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Munnerlyn's big play isn't quite enough

Posted Nov 18, 2012



CHARLOTTE – With rookie wide receiver Joe Adams active for the first time in two months, cornerback Captain Munnerlyn felt like he needed to make a play to retain his punt return responsibilities.

After a 14-yard return, one of his best of the season, ended in a lost fumble, Munnerlyn knew he really needed to make a play.

Shortly after the turnover, Munnerlyn got it back and then some, picking off a Josh Freeman pass and returning it 76 yards for a touchdown to jumpstart a previously listless Panthers team.

The Panthers proceeded to score 21 unanswered points and build a 21-10 lead, but they didn't have the answers down the stretch and fell 27-21 in overtime to the Tampa Bay Buccaneers.

"I put the team in a hole by fumbling a punt return, so I felt like I had to make a play," Munnerlyn said. "The D-line did a great job of getting pressure, and I took it to the house.

"Our defense just kept battling and battling, but we let it go at the end."

Munnerlyn's second interception return for a touchdown this season gave him three for his career, second in franchise history to Mike Minter's four.

But Munnerlyn wasn't in a celebratory mood after the Buccaneers' final two drives resulted in touchdowns, both covering 80 yards. Before that, Tampa Bay had just one touchdown drive, and it covered just 29 yards – after Munnerlyn's fumble.

"We did a pretty good job containing the running back (Doug Martin) and making Josh Freeman throw incomplete passes," Munnerlyn said. "But that doesn't matter. It's about winning. No matter how we played the first three quarters, we didn't get the win."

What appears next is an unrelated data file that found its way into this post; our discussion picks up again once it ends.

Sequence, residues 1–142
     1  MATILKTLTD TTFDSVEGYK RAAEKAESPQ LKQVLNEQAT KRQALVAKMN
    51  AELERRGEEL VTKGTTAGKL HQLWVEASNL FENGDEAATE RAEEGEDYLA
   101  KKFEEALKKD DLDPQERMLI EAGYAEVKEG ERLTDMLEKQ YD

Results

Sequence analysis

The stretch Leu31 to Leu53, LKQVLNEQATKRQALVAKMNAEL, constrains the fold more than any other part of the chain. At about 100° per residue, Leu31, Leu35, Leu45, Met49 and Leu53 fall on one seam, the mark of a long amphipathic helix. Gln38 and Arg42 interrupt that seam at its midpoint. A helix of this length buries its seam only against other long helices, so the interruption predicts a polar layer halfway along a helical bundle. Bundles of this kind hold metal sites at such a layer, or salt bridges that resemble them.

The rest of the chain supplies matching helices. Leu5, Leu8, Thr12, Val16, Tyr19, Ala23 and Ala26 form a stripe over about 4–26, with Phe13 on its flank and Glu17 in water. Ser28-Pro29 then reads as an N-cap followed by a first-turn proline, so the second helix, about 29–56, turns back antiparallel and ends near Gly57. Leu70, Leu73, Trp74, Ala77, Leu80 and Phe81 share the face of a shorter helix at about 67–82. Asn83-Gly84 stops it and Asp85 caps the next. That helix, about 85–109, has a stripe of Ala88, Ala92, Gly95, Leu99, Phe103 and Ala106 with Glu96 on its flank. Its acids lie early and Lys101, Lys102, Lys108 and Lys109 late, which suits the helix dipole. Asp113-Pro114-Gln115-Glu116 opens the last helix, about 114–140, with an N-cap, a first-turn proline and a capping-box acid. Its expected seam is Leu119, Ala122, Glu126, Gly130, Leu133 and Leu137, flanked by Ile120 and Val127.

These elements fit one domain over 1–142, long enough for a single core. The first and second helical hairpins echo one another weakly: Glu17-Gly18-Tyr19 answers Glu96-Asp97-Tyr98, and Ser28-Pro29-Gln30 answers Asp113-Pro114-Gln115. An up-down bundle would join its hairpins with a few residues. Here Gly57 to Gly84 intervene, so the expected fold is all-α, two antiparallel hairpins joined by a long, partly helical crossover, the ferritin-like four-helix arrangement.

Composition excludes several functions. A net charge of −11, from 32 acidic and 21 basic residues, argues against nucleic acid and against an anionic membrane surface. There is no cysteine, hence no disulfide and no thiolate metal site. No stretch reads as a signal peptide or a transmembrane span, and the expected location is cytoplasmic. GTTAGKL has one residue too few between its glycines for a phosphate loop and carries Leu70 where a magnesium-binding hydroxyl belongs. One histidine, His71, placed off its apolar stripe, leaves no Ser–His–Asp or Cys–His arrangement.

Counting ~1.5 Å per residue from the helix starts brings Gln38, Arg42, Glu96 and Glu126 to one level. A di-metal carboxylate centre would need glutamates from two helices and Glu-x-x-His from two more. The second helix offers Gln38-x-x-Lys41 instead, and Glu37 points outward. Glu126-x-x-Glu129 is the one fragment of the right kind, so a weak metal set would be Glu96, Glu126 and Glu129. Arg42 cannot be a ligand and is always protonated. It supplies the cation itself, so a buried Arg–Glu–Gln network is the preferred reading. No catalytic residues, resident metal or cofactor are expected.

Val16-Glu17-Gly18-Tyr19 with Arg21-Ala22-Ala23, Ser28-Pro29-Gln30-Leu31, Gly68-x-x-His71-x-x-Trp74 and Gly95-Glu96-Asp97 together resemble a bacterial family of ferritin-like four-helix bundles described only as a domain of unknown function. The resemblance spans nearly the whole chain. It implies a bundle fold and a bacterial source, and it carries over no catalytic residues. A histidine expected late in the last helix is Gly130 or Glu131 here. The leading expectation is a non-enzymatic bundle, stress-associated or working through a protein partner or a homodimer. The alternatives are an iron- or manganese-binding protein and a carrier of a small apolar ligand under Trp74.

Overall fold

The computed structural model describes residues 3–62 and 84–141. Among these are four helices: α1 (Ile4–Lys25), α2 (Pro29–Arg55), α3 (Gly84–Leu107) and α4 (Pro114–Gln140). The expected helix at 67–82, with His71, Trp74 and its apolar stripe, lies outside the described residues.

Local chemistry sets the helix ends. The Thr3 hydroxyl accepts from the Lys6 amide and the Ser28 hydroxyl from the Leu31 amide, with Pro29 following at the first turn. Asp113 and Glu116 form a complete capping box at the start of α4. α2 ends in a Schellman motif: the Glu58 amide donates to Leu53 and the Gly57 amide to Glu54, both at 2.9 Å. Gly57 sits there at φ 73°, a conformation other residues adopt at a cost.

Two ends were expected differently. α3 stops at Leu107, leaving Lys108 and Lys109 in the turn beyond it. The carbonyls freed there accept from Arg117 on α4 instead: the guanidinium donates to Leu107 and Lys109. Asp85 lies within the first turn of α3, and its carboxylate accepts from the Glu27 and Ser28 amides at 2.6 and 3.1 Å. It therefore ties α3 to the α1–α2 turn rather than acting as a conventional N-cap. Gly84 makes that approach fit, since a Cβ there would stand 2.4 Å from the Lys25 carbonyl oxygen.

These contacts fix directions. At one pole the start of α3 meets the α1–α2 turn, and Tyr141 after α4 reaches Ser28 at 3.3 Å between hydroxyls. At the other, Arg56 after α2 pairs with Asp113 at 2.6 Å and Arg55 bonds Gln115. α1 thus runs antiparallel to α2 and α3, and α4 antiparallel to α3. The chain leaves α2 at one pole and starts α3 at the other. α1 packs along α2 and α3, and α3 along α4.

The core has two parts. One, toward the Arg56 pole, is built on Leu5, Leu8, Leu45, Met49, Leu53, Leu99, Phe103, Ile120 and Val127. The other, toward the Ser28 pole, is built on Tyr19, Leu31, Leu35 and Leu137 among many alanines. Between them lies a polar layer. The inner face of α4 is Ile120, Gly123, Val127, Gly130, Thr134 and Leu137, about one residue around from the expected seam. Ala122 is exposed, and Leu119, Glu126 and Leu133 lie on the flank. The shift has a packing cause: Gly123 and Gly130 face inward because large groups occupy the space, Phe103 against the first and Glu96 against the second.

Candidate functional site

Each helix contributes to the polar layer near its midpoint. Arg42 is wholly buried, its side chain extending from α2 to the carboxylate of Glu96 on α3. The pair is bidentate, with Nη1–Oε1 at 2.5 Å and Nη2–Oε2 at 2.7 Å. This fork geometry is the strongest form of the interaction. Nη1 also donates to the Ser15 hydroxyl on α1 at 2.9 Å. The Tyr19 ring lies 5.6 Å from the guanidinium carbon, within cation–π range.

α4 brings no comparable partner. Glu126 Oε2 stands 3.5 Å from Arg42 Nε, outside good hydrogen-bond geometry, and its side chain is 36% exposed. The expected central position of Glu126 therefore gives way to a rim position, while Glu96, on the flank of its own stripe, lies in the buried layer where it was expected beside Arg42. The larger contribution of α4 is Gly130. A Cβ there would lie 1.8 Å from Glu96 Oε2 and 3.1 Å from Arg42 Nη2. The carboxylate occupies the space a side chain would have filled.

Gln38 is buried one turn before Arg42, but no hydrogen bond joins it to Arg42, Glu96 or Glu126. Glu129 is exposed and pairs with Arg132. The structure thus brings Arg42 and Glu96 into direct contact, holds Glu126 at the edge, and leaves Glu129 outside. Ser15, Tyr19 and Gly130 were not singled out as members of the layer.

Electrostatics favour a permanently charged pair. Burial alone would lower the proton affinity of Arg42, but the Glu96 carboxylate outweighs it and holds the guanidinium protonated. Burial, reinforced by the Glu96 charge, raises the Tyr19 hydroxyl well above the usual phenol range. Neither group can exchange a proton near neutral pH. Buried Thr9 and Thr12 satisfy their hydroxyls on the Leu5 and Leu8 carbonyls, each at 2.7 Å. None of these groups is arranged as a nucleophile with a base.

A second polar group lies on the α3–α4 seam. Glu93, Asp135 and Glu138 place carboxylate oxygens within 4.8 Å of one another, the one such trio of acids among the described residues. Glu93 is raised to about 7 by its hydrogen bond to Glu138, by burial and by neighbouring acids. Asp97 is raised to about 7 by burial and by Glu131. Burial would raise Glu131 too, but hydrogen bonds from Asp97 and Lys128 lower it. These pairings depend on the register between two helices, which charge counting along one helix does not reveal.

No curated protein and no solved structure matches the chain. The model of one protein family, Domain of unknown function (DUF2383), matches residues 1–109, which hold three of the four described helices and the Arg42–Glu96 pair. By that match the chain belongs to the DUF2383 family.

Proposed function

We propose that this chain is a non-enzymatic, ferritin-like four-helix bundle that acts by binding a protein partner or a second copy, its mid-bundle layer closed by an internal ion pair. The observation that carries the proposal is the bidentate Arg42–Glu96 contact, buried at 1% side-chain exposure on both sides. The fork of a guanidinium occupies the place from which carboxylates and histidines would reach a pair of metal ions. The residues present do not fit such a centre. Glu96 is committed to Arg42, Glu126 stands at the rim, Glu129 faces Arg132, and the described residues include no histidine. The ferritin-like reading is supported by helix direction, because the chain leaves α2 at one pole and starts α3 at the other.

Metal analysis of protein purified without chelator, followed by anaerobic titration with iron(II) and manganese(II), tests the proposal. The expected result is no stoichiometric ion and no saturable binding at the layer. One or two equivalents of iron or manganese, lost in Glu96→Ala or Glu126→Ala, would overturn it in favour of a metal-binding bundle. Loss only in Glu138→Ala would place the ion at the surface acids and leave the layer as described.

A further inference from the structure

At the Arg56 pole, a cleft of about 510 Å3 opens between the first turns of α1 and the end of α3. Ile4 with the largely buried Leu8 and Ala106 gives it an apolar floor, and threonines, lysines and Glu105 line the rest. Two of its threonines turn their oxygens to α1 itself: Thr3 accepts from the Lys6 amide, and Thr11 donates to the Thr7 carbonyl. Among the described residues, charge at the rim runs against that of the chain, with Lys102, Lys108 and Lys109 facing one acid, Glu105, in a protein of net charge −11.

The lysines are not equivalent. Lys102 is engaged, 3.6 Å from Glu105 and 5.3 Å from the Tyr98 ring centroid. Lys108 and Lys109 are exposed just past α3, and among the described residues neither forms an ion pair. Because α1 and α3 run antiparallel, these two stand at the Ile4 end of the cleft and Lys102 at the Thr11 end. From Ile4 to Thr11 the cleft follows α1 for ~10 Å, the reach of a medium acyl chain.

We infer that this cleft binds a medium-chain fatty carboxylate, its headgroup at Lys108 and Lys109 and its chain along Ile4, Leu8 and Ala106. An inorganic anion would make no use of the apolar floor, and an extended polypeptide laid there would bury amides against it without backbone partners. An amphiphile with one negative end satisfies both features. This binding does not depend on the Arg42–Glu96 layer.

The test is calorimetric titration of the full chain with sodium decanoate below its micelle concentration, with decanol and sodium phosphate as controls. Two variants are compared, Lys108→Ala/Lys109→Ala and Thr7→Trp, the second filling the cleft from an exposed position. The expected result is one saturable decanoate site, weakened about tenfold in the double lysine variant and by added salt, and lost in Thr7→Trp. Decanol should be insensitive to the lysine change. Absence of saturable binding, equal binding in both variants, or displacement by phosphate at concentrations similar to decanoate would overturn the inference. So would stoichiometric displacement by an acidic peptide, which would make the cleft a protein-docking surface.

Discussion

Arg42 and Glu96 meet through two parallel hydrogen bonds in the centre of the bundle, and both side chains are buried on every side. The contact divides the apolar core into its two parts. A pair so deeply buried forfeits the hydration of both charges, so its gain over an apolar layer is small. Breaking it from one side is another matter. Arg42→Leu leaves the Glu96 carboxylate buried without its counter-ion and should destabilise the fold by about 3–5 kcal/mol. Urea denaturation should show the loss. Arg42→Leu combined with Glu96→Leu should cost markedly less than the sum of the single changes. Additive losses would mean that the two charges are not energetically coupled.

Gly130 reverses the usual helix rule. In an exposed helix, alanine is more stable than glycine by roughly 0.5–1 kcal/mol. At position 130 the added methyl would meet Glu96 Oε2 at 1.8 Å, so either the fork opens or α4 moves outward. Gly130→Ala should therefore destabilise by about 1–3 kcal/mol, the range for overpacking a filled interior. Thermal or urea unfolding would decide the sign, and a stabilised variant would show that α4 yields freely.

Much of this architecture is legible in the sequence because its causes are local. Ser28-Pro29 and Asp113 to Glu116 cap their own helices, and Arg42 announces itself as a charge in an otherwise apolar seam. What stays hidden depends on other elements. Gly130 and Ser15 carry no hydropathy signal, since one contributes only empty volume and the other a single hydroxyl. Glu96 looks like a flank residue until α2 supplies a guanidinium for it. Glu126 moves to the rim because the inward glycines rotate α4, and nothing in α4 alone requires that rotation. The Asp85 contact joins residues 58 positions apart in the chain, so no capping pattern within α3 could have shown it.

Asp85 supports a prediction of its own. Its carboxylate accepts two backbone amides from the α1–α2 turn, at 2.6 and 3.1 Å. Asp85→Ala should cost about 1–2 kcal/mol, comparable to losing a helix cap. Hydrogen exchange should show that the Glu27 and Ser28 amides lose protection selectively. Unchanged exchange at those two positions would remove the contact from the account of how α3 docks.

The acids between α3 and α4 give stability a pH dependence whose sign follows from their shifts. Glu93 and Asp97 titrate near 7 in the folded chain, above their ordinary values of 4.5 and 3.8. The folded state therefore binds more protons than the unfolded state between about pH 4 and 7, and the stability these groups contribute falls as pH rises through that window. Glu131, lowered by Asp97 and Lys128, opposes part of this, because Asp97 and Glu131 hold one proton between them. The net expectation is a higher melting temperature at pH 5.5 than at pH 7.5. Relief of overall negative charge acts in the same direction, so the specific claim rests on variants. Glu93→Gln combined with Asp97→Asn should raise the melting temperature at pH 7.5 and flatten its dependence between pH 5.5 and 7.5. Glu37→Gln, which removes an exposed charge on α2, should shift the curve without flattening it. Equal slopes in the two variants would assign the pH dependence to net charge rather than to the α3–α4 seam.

Adams handled the majority of the punt return duties after Munnerlyn's turnover and took advantage of the opportunity with returns of 16 and 11 yards.

That was part of another up-and-down day for the special teams units in Richard Rodgers' debut as special teams coordinator. Safety Haruki Nakamura shared the harsh special teams spotlight with Munnerlyn, but like Munnerlyn, he made amends after making an error.

In last week's loss to Denver, the Broncos left Carolina's gunners on the punt coverage team uncovered on the outside. Tampa Bay appeared to do the same, and Nakamura – who calls the plays for the punt coverage unit as the upback – tried to take advantage by calling for a punt fake.

But the Buccaneers had time to get someone close to gunner Colin Jones just before the snap, and the play blew up.

"What you really would have liked to see is Haruki call it off," Panthers head coach Ron Rivera said. "What happened was that by the time the snap was made, they had sent a guy out there to defend it. So rather than throwing it and possibly getting it intercepted, Haruki pulled it down and tried to get what he could."

Nakamura, however, erased the error on the very next snap when he picked off a Freeman lob toward the end zone.

Munnerlyn responded to adversity in similar fashion, and now he'll have to respond yet again after what looked like a comeback victory ended in demoralizing defeat.

"We have to learn from it," Munnerlyn said. "I know that sounds like a broken record, but we've got to learn how to finish games.

"We're not doing a very good job right now. We've just got to keep working at it. We have to play all four quarters – offensively, defensively, special teams – just put it all together."